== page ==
Primary schools in France


Having done a fair bit of Googling recently I thought I would share my initial thoughts on the education that my children can expect if we move to the continent. The children are still quite young, currently 6 and 4, so my focus is on primary schools in France. Please bear in mind that at this stage my ramblings are not based on experience.

The standard of education in France in generally considered to be high and is comparable to that of the UK. However, it is more strictly controlled by central government and teaching methods are more traditional. There is more learning by repetition and greater discipline. French teachers, on the whole, command more respect from pupils (and their parents) which is no bad thing. But there is less flexibility or variety of learning. I worry that there might be extra pressure on children as getting it right is more highly praised than having a go. A strong work ethic is encouraged  (some have said to excess which puts too much stress on students), and French pupils seems to be more highly motivated learners than British kids. I think the lack of flexibility would probably concern me more if my children had learning or behavioural difficulties and would benefit from special teaching methods or a more creative approach. I’m sure that, like anywhere, there are good and bad teachers and better and worse schools and it’s a matter of taking the time to visit before making a decision.

My daughter currently attends the closest primary school (Prince Rock Primary School) and despite visiting others this was our first choice. My son is due to start there in September. The school is rated as Outstanding by Offsted and we’ve never had any problems there. In fact, I would be very sad for them to leave this school as the staff are supportive and inspiring, there is a really positive and happy atmosphere and I really feel like the kids are given a well-rounded education. It’s also interesting to see how they encourage those children for whom English is a second language as that may become an issue for us and I hope to find out more in the coming year.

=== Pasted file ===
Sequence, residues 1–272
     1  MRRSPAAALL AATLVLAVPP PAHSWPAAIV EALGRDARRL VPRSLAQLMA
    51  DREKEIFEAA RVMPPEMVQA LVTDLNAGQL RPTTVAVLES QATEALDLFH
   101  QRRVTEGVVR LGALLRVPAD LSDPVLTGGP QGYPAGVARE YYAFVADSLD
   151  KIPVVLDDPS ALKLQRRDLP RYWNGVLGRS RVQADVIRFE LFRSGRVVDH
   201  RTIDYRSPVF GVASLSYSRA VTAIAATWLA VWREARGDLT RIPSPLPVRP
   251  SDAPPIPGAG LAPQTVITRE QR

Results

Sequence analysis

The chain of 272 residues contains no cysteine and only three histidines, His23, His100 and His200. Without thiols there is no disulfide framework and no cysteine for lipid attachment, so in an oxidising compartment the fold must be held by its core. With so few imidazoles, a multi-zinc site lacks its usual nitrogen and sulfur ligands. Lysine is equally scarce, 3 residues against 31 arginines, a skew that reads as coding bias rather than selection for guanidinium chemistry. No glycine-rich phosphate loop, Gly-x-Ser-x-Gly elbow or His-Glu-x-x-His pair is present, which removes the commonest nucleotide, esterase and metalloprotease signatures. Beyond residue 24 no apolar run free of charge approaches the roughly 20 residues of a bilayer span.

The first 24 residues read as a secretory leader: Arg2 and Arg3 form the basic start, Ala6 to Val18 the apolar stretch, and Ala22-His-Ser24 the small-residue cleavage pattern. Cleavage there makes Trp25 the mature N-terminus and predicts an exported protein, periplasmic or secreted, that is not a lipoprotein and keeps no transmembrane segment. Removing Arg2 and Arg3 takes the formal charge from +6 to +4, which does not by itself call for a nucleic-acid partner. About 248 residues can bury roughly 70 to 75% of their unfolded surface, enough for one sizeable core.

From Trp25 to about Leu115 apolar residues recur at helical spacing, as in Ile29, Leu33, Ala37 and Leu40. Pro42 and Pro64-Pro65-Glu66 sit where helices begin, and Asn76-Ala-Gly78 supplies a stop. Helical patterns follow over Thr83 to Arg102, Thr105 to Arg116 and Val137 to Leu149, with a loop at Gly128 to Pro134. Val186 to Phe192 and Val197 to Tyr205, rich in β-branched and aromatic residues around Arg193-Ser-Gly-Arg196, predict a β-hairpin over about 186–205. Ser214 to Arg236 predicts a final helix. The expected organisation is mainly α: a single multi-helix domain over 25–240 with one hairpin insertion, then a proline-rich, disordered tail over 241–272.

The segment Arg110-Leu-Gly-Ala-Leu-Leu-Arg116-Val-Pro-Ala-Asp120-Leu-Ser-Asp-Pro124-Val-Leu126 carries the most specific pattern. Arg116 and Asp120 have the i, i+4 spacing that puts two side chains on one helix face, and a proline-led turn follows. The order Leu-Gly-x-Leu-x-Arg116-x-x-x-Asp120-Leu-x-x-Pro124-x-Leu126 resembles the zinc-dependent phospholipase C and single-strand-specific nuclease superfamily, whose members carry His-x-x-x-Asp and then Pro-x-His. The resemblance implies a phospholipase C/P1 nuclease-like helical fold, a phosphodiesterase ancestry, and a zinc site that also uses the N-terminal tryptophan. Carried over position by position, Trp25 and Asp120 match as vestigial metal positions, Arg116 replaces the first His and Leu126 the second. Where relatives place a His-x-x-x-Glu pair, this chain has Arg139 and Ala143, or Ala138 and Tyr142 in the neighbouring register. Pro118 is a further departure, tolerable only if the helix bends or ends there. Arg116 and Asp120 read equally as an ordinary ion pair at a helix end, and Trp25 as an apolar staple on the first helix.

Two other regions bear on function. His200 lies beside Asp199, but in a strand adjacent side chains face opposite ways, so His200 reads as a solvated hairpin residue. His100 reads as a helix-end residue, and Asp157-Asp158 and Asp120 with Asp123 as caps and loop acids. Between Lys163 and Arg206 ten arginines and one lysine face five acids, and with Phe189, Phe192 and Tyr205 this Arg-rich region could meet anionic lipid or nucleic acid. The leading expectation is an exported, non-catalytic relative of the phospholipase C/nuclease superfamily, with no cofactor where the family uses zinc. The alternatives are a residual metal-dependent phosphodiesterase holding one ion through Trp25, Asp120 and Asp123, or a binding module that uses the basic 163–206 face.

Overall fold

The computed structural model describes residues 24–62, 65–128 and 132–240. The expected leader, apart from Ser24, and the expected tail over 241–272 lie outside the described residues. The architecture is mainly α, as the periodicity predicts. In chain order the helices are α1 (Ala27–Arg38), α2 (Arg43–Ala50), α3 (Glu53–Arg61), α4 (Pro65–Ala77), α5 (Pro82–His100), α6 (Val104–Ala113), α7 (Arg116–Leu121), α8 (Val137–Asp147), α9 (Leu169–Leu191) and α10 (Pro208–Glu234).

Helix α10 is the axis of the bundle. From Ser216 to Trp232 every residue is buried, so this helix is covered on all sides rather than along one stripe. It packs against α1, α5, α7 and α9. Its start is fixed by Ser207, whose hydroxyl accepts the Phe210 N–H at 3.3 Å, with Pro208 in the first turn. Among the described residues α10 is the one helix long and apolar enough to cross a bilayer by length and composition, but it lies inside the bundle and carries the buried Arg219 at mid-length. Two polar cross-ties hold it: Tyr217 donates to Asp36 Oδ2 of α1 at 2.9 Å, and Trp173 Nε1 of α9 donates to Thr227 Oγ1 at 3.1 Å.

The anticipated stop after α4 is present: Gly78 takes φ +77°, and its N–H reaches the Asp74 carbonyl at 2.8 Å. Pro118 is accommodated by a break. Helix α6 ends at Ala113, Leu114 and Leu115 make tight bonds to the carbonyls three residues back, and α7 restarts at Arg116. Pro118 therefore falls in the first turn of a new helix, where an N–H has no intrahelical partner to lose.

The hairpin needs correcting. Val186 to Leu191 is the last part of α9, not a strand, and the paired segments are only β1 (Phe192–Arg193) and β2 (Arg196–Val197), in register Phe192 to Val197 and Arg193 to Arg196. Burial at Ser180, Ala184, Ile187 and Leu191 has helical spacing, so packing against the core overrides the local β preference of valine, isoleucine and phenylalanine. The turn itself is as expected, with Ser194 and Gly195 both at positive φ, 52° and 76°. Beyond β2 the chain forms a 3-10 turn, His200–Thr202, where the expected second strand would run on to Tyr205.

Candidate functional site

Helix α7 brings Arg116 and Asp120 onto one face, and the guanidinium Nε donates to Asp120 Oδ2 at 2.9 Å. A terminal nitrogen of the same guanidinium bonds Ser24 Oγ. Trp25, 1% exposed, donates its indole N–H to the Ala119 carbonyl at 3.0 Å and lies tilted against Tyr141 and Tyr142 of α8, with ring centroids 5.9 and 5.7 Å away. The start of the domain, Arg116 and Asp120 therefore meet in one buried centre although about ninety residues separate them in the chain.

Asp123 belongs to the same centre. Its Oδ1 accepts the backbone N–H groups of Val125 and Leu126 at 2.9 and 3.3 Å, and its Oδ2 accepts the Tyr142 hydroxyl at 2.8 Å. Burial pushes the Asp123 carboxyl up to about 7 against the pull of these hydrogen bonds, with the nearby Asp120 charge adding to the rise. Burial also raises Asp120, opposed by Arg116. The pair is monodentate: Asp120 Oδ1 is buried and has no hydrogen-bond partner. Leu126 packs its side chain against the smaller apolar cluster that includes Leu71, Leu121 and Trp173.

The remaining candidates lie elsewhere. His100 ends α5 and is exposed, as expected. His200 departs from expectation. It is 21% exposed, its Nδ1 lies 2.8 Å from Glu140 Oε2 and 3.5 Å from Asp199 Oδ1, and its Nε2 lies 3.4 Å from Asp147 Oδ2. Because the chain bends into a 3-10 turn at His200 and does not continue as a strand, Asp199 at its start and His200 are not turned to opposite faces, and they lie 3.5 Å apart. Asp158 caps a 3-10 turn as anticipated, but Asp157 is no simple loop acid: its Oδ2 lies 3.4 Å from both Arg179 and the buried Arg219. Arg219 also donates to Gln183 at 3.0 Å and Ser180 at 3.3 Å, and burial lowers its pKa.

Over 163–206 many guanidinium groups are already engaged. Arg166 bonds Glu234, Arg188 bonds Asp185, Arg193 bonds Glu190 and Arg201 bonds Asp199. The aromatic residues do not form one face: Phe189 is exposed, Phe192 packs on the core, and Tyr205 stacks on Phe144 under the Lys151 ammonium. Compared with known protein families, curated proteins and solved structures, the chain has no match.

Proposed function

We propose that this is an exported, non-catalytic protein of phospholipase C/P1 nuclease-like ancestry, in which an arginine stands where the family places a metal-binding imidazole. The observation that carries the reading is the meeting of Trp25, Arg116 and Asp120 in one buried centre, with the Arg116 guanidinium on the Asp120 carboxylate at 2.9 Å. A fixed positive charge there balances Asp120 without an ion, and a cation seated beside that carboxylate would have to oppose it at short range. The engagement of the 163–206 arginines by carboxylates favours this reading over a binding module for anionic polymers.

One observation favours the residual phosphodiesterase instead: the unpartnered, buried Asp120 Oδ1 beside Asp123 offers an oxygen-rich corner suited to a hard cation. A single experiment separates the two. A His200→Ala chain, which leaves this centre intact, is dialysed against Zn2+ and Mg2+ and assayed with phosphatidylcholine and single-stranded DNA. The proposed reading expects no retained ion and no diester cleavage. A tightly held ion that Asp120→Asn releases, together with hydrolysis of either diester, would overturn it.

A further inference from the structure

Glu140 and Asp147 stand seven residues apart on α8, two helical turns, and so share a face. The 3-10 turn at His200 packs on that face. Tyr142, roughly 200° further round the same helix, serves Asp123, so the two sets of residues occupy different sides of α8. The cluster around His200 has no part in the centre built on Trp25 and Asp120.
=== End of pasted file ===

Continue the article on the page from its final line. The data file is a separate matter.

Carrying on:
In general, it is believed (and this fact is supported in several places) that children under the age of 8 can become fluent in French pretty quickly once enrolled in a French school. However, in order to maintain or improve their English language skills they would need to study at home. I should imagine that spelling and grammar would be the main issues here.

French primary schools do not devote as much time to creative activities or sports as British schools, so French children tend to attend clubs or classes outside of school on Wednesdays or Saturday afternoons, when there are no lessons. My daughter really enjoys going to a theatre group called Stage Stars, which is great for building confidence. I’ll be looking to see if there are equivalent groups in our chosen region of France. My son, who is not as socially inclined as my daughter, might prefer an activity that requires less interaction with his peers!

These are just a few of my initial thoughts and next I’ll be researching the different types of school – more musings to follow…

In the meantime there is a great overview at Expatica.

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We are thinking of moving to France – we being me and my husband, our two children, and my mother-in-law (and two dogs). The current plan is that we’ll spend the next year plotting and planning and if everything goes well we will make the move in the summer of 2015. I plan to document the whole process so that I can look back in three years’ time and marvel at how well it all panned out! If, however, it proves a fated endeavour then my comprehensive blog will no doubt be snapped up by some Hollywood director for untold millions – it’s pretty much a win-win situation, right? Well, I’ll keep you posted…

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